• Will often par­rot oth­er adults, repeat­ing the exact words they just said with no understanding. 
  • Has trou­ble want­i­ng to com­mu­ni­cate with oth­ers, and will often search out solitude.
  • Will not hold a con­ver­sa­tion, and attempt to sim­ply drift away or imme­di­ate­ly lose inter­est if some­one tries to engage them in one.
  • Does not use toys, or oth­er objects, as peo­ple in their pre­tend play.
  • Will often mix pro­nouns up, such as not cor­rect­ly iden­ti­fy­ing them­selves as “I” and oth­ers as “You.”

signs of autism in toddlers l autism toddler l does my toddler have autism l autistic toddler l signs your toddler is not autistic

 

Social Difficulties

  • Has trou­ble with eye con­tact and will often avoid it if they can.
  • Will not show con­cern for things that oth­er chil­dren will emo­tion­al­ly respond to quick­ly. Such as a child get­ting hurt or a per­son is yelling around them.
  • Iso­lat­ed, with no effort, or inter­est, in mak­ing friends.
  • Will often not use the right facial expres­sions, and not respond to facial expres­sions shown to them. Such as a par­ent smil­ing, or being upset.
  • Will not look at things point­ed at, often appear­ing to ignore what peo­ple want them to look at.
  • Is unable to under­stand what oth­ers are feel­ing, or respond to height­ened emo­tion direct­ed at them.
  • Will not bring objects of inter­est (Such as a favourite toy, or nice rock they found) to any­body else to show.

signs of autism in toddlers l autism toddler l does my toddler have autism l autistic toddler l signs your toddler is not autistic

 

The Development of Autism in Children

It can be dif­fi­cult for par­ents to know if the devel­op­ment of their child is nor­mal or begin­ning to show signs of ASD. With the nature of a child’s devel­op­ment, it’s not always easy to see what is a nor­mal hur­dle of devel­op­ment or a sign of some­thing more. signs of autism in toddlers l autism toddler l does my toddler have autism l autistic toddler l signs your toddler is not autistic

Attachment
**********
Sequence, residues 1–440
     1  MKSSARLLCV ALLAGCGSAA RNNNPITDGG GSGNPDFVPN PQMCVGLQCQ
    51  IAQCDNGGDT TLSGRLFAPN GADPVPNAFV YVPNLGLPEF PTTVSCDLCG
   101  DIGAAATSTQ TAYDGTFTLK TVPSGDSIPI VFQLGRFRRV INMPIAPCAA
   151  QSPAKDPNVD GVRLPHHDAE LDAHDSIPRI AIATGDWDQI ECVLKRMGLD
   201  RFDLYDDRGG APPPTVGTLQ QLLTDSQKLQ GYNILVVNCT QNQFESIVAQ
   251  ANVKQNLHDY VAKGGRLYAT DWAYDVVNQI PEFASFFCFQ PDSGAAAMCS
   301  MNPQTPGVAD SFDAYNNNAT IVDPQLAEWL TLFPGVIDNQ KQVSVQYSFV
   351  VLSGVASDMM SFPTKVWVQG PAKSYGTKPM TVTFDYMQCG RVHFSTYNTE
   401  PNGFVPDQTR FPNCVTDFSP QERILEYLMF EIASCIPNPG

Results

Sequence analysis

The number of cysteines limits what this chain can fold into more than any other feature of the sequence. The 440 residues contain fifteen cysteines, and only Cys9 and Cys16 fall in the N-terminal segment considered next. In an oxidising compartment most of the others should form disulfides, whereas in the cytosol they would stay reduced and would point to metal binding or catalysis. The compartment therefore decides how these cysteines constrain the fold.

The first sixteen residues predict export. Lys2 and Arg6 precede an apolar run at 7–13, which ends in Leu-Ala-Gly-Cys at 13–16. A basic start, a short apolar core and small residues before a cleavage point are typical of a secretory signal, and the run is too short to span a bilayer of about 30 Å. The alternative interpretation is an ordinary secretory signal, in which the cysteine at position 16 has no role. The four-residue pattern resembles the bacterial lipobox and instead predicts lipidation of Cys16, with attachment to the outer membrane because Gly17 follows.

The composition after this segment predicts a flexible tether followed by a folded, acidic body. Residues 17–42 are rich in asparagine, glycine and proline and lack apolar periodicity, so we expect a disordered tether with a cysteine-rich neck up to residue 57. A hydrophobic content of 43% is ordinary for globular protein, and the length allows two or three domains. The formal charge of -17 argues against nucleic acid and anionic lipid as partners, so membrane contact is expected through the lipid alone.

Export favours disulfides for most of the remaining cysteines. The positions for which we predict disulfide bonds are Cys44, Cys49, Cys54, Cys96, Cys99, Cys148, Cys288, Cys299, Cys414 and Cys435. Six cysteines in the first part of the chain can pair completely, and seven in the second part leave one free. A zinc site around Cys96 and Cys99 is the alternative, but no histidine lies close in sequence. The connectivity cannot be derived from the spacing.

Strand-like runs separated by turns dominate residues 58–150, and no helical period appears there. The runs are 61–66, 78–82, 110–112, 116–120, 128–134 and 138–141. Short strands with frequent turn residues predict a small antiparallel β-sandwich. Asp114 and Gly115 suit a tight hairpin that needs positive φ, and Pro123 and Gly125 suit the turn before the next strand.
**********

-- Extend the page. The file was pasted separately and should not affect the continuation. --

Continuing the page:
signs of autism in toddlers l autism toddler l does my toddler have autism l autistic toddler l signs your toddler is not autistic

Here we explore what the devel­op­ment of a child with ASD may look like in the ear­ly months.

Between 0 – 12 Months of Age

  • If the child is devel­op­ing nor­mal­ly, they will exhib­it no prob­lem respond­ing to their name being called. 
  • A child devel­op­ing ASD may not respond, and you could begin to have dif­fi­cul­ty get­ting the atten­tion of your newborn.
  • Will ignore repeat­ed calls of their name, even if it’s with­in their line of sight.

Between 12 – 18 Months of Age

  • Your child may be behind on their lan­guage skills, and not show­ing an inter­est in pick­ing up new words and using them.
  • Will point and ges­ture at things, often get­ting upset, as they do not pos­sess the lan­guage skills to com­mu­ni­cate their needs.
  • May begin to par­rot the words on TV or oth­er media, and not pay much atten­tion to delayed speech direct­ed at them.

Between 18 – 24 Months of Age

  • At this age, it is nor­mal for chil­dren to begin to bring objects to their par­ents. That is a social skill of shar­ing, and shared enjoy­ment, that most chil­dren devel­op at this age.
  • A child devel­op­ing ASD will be reluc­tant to show any­thing to their par­ents, and will often be seen qui­et­ly and pri­vate­ly play­ing with their toys alone.